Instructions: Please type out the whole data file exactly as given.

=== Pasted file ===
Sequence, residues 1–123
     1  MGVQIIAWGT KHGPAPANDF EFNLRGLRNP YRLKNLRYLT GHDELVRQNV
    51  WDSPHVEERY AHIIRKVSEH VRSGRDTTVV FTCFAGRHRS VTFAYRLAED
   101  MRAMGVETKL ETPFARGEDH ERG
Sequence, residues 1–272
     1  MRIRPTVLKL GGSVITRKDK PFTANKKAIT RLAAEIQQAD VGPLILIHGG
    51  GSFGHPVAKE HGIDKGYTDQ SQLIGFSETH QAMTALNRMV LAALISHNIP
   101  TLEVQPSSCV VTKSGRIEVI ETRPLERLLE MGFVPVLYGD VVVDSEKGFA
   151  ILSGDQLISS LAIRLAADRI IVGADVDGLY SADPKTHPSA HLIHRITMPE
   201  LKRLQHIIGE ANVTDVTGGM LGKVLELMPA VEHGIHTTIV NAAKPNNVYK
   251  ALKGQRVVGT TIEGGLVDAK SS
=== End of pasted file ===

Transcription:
Sequence, residues 1–123
     1  MGVQIIAWGT KHGPAPANDF EFNLRGLRNP YRLKNLRYLT GHDELVRQNV
    51  WDSPHVEERY AHIIRKVSEH VRSGRDTTVV FTCFAGRHRS VTFAYRLAED
   101  MRAMGVETKL ETPFARGEDH ERG
Sequence, residues 1–272
     1  MRIRPTVLKL GGSVITRKDK PFTANKKAIT RLAAEIQQAD VGPLILIHGG
    51  GSFGHPVAKE HGIDKGYTDQ SQLIGFSETH QAMTALNRMV LAALISHNIP
   101  TLEVQPSSCV VTKSGRIEVI ETRPLERLLE MGFVPVLYGD VVVDSEKGFA
   151  ILSGDQLISS LAIRLAADRI IVGADVDGLY SADPKTHPSA HLIHRITMPE
   201  LKRLQHIIGE ANVTDVTGGM LGKVLELMPA VEHGIHTTIV NAAKPNNVYK
   251  ALKGQRVVGT TIEGGLVDAK SS